There’s not much good news for traditional news media these days, but a new survey by RealClear Media suggests that most Americans see a distinction in quality between news media and social media.
Asked to choose whether they found social media to be reliable, roughly two-thirds rejected that notion and instead said that social media can often be misleading.
A similar percentage — 68.4 percent — said that news media should be able to publish articles they believe to be in the national interest, as opposed to being censored by the government for national security reasons.
The survey, released June 22, 2023, explores public views on free speech, social media and censorship.
Among other notable findings:
- A resounding total of 90.8 percent of those surveyed agreed that “First Amendment protection for freedom of speech (is) a good thing.” 9.2 percent didn’t think so.
- The chilling flip side of that finding is that 37.1 percent of those polled said speech should be legal only under certain circumstances.
- The survey abridged the First Amendment to ask respondents whether they agreed that “Congress shall make no law abridging the freedom of speech or of the press” — 86.1 percent supported the principle.
- Respondents were asked whether there is “too much freedom to speak freely, too little freedom to speak freely, or is the amount of freedom to speak about the right amount?” To this, 41.7 percent said the level of freedom was about right, 24.4 percent said there was too much freedom and 34.0 percent said there was not enough free speech.
Much of the survey focuses on postings to social media. On this point, 61.3 percent said government “has a responsibility to restrict hateful posts and disinformation” on social media.
At the same time, 55.9 percent said conservatives are “unfairly censored on social media platforms,” while 38.2 percent said the same of liberals.
Perhaps because the survey was conducted for RealClear Politics, much of the the survey’s analysis and interpretation is framed in political terms, including the “finding” that Democrats are “authoritarian” when it comes to free speech:
“On the issue of free expression, at least, Republicans are not the authoritarian party. That distinction belongs to the Democrats, the party launched by Thomas Jefferson — the Founding Father who famously said that if he were forced to choose between “a government without newspapers or newspapers without a government, I should not hesitate a moment to prefer the latter.”
That’s a strong conclusion based on just six questions, one of which asks respondents whether they agree with the statement “I disapprove of what you say, but I will defend to the death your right to say it.” The study’s evidence of “autoritarianism”: “Only 31% of Democratic voters “strongly agreed” with that sentiment, compared to 51% of Republicans.”
Unless the pollsters were trying to gauge who would literally sacrifice their lives for free speech, the data establishes only that Republicans are more comfortable with hyperbole.
The problem with trying to weigh support for free speech from different political perspectives is that their definitions of free speech are also different.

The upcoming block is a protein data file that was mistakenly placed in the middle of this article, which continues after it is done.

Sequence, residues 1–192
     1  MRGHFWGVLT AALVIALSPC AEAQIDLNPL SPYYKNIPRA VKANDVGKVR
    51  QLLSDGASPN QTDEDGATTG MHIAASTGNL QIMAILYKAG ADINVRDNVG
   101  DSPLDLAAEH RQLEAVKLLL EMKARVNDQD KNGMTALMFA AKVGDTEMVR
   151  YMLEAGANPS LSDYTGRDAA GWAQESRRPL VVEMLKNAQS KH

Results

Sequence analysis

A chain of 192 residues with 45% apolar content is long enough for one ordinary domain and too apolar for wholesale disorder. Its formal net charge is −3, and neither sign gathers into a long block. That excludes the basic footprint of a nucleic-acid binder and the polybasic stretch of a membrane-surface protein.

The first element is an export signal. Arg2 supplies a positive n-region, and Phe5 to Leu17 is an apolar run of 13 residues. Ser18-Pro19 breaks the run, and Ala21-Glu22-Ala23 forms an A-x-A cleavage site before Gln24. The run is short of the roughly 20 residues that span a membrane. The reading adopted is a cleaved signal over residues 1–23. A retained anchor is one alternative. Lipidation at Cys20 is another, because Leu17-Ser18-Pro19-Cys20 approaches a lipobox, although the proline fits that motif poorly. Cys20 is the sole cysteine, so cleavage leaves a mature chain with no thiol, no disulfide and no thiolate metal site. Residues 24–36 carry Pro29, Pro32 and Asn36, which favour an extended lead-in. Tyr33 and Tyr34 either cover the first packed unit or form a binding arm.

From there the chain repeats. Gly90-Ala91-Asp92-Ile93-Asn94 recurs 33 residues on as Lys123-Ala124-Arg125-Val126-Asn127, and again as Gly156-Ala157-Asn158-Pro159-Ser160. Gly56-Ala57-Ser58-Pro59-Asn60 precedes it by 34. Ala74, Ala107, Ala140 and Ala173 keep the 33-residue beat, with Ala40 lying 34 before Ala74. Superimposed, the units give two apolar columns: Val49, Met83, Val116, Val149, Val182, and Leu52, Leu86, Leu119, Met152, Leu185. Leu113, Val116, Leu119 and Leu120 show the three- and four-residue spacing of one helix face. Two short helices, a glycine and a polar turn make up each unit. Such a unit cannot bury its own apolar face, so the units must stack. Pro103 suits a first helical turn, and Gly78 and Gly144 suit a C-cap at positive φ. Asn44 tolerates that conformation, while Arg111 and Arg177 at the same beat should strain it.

Democrats are likely to be less tolerant of what they regard as hate speech and online misinformation. Republicans may be less tolerant of LGBTQ books in school libraries and drag performances.
Genuine support for freedom of speech is not static, and is buffeted by claims of censorship, “cancel culture,” “deplatforming” and even the manipulation of the word “freedom” in the rhetoric of public officials. The only way to meaningfully assess support for free-speech principles by Republicans, Democrats and independents is to assess that issue-by-issue and question-by-question.
There are other puzzling aspects to the survey. It asks respondents whether “yelling fire in a crowded theater” is a First Amendment right, to which 81.8 percent said no. The “yelling fire” phrase is widely misunderstood and is what the Atlantic recently called “America’s Favorite Flimsy Pretext for Limiting Free Speech.” Of course the First Amendment protects yelling fire in a crowded theater. It saves lives if there’s a fire. It’s “falsely” yelling fire that’s problematic. The survey makes no such distinction.
The same flaw shows up in a question about whether saying the Pledge of Allegiance in school is a First Amendment right. That has never been in question. Pledges are always initiated by the school and of course every student has a right to participate. The only First Amendment issue has always been, “Can a student refuse to say the pledge in a public school?”
Overall, the survey indicates that Americans strongly support the concept of free speech, though many are also receptive to government control of hate speech and disinformation. It’s a familiar dichotomy.
This is one in a series of occasional articles by the Free Speech Center assessing public opinion surveys on First Amendment rights. Understanding public perception of the First Amendment is critical to preserving and protecting the five freedoms that it encompasses. Surveys and polling play a particularly valuable role for those who strive to build public understanding of the First Amendment.
Ken Paulson, J.D., is the director of the Free Speech Center at Middle Tennessee State University and a professor teaching courses on freedom of expression. Jason Reineke, Ph. D., is an associate professor in the School of Journalism and Strategic Media at MTSU. He teaches classes in freedom of expression, media law, and social-science research methods and theory. He was previously the associate director of the MTSU Poll.
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